The most excruciating part of Larry Nassar's sex abuse sentencing, according to Larry Nassar? When the women who said they had been abused by him got to speak. For almost a full week, the now-notorious "monster doctor" was forced to sit silently as more than 150 women and girls addressed him directly. "I'm very concerned about my ability to be able to face witnesses the next four days mentally," Nassar had informed Judge Rosemarie Aquilina via letter prior to the experience.
Encouraging women to "leave your pain here," Aquilina had invited any person who said Nassar abused them, or was close to somebody who did, to take the floor and address Nassar directly — more than 150 people took her up on the offer.
"Little girls don't stay little forever," said one, Kyle Stephens, who said Nassar began abusing her at 6 years old. "They grow into strong women that return to destroy your world."
It's important to note that Aquilina oversaw a sentencing hearing, and not a trial (offering survivors an open-ended platform during the course of a trial would be seen as prejudicial against the accused). By allowing survivors and their closest friends and family the chance to have the last word, however, Aquilina did more than just sentence a monster. She gave survivors back their agency and encouraged the public to pay attention to their stories, rather than to the convicted serial sexual predator in the courtroom.
When he learned what Aquilina had in store for him, Nassar was angry. "She wants me to sit in the witness box next to her for all four days, so all the media cameras will be directed towards her," he ranted in his letter, which Aquilina later read out to the court.
This proved incorrect. Relatively little attention was given to Aquilina until the sentencing itself — instead, as the judge had anticipated, the "media cameras" turned towards the survivors.
"This is not my shame anymore. It's yours," Helena Weick told Nassar. Aly Raisman addressed him, too:
I will not rest until every last trace of your influence on this sport has been destroyed like the cancer it is.
Throughout the sentencing hearing, all the way up until her final statement, Aquilina allowed the women who said Nassar abused them to take center stage, largely speaking only in support of them.
"The military has not yet come up with fiber as strong as you," she told Bailey Lorencen. "Go out and do your magnificent things," she told another survivor, according to The New York Times.
With quiet deliberation, Aquilina turned what could have been yet another traumatic experience for these women into an empowering one; this could be described as a form of restorative justice, a holistic, individual-based approach to the justice system.
"Restorative justice is about the idea that because crime hurts, justice should heal," writes criminologist John Braithwaite in his book The Good Society. In restorative justice, victims take an active role in the justice process, often speaking directly and sometimes even forgiving the criminals involved.
In addition to helping the women who said Nassar abused them process what had happened, Aquilina's decision made sexual assault survivors the face of the case, rather than Nassar himself. With the world's press trained on Nassar's sentencing, Aquilina forced coverage of the case to focus on the survivors, not the abuser. Too often, the men and women (let's be real, mostly men) who commit large-scale and deeply affecting crimes become the "face" of the crime — Rev. Joseph E. Birmingham, Jerry Sandusky, Bill Cosby, Harvey Weinstein.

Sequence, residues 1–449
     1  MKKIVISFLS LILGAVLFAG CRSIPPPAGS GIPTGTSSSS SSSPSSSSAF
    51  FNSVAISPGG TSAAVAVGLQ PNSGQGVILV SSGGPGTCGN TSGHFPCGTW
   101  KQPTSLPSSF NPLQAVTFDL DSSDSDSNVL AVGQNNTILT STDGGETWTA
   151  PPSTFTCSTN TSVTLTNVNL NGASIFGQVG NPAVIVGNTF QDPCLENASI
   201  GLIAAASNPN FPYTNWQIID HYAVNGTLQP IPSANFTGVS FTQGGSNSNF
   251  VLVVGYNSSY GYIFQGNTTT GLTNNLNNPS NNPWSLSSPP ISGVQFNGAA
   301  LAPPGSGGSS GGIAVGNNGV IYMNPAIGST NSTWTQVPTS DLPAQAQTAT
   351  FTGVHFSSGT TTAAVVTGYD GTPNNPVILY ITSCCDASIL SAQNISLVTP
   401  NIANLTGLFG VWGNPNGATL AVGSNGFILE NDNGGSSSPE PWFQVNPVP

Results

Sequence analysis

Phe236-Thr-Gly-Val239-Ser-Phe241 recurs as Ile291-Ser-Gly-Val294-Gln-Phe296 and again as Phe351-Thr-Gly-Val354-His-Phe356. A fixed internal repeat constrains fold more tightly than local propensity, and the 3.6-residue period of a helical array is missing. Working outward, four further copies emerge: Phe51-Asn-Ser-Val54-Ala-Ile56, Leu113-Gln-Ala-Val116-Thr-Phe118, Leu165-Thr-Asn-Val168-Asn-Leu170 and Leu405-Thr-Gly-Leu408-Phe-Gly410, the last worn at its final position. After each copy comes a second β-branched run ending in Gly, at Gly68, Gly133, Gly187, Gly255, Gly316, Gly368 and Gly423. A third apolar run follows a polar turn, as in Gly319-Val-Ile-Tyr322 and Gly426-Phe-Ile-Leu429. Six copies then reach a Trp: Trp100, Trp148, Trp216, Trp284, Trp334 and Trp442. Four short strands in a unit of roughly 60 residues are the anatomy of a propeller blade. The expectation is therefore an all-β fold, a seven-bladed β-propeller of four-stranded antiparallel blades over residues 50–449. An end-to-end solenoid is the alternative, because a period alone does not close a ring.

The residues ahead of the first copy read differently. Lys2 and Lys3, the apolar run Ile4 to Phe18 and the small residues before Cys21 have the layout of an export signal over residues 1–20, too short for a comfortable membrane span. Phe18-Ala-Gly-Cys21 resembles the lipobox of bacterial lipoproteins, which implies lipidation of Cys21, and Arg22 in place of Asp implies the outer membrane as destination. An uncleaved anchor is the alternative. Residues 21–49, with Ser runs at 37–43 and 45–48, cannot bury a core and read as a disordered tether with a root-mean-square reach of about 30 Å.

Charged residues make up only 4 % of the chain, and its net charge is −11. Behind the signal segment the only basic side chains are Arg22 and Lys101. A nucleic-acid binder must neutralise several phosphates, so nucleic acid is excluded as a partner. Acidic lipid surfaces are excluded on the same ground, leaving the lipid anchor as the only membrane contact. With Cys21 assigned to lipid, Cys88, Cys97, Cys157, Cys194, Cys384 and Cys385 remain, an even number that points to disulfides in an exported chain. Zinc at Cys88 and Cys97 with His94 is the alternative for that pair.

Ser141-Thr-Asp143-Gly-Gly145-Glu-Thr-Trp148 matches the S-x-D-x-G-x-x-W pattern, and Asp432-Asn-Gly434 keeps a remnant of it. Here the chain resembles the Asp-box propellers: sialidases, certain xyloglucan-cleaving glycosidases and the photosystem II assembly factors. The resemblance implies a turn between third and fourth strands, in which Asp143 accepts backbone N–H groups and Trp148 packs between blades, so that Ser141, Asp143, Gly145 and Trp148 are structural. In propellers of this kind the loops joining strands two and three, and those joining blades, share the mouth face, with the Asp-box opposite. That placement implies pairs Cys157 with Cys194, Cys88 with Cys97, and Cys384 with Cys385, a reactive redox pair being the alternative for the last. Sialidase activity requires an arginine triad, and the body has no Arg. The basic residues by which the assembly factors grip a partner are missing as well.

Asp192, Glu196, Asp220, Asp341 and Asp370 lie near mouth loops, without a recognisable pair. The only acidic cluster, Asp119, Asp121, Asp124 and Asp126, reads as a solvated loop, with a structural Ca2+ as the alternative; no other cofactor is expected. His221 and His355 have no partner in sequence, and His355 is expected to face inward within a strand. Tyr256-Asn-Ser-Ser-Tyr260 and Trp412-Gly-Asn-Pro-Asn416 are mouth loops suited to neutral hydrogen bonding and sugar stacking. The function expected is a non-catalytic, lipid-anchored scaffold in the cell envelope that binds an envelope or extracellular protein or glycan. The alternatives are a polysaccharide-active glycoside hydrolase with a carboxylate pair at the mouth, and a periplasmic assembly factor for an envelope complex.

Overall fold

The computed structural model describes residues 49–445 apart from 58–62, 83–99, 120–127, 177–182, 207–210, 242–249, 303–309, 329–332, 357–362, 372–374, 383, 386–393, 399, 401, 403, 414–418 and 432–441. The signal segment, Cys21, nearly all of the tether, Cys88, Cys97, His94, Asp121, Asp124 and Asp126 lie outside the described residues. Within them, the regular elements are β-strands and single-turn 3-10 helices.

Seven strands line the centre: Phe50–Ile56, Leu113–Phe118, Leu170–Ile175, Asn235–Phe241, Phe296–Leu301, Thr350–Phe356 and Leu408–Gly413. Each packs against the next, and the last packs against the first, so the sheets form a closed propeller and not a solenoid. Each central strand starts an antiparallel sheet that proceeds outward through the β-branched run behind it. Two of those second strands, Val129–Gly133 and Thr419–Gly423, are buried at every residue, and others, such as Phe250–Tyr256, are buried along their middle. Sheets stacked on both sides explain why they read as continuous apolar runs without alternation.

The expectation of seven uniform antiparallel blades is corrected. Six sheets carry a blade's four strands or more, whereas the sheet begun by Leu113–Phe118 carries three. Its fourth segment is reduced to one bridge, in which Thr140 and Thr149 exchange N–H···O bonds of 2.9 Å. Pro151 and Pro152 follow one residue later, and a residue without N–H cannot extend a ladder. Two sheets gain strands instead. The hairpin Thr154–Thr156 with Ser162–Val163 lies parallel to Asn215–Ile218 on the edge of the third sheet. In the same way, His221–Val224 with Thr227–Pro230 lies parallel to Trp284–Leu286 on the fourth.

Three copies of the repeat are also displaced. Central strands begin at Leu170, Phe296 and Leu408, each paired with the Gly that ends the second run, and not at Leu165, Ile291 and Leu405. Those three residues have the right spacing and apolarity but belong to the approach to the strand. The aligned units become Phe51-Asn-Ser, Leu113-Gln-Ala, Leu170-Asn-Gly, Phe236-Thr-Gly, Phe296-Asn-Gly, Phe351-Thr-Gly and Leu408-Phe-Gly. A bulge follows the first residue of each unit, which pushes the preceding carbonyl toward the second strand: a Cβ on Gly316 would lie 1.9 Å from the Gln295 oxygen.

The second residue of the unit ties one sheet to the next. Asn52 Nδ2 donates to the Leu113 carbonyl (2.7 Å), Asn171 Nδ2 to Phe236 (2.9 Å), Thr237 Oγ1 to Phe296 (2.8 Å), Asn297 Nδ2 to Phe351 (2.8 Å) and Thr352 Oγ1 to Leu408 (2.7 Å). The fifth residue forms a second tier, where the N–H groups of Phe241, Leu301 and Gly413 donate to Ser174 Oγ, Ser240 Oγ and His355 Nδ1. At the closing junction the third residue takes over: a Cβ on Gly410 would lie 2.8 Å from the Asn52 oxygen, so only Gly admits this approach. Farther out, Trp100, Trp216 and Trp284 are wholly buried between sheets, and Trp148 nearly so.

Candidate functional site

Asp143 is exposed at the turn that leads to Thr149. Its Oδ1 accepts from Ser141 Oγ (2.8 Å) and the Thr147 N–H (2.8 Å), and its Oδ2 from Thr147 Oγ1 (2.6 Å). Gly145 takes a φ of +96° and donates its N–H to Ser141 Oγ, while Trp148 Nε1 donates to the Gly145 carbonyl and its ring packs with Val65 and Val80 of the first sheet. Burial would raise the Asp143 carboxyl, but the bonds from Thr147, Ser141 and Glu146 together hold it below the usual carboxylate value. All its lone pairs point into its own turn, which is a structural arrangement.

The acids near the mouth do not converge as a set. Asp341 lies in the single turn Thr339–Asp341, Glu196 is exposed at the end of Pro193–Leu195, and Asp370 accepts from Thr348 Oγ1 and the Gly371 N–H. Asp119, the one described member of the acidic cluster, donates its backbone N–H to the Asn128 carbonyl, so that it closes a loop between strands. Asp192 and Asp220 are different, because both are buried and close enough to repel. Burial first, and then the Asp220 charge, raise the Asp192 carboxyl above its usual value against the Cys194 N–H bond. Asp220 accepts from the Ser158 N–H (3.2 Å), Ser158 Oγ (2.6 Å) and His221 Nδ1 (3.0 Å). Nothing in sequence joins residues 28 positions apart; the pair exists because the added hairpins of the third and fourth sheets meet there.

Not this time, Aquilina seemed to signal. This time, the women who were most affected by Nassar's crimes — the Olympians, the less famous gymnasts, the everyday women who came to him for treatment — would speak on their own behalf, rather than let media commentators, jurors, experts, and even Nassar speak for them.
Aquilina's decision comes at a watershed moment for sexual abuse and harassment, thanks to #MeToo and other social movements; it also comes two months before Bill Cosby is set to be retried for sexual assault.
In that case, prosecutors are pushing for Judge Steven O'Neill to allow 19 women who say that Cosby assaulted them to testify. In Cosby's last trial, however, O'Neill refused to allow more than one women to go public with her account of assault at the hands of Cosby, who prosecutors say exhibited a wide-ranging pattern of sexual abuse over decades. Without those other women's voices, the trial became a case of "he said, she said," according to some of its jurors, and Cosby ultimately walked free.
Yes, it is difficult to imagine myriad women in a trial setting being allowed to address and challenge the man they say abused them. But Aquilina's decision should have wide-ranging implications for sentencing hearings at the very least. Once an individual is found guilty of sex crimes and expects to face life in prison — whether it's Sandusky or Nassar, who were convicted, or Cosby or Weinstein, who have not been and may never be — then inviting those affected by the crimes to testify harms no one, and may be a useful tool for those who survived abuse.
This perspective is reflective of the author's opinion, and is part of a larger, feminist discourse.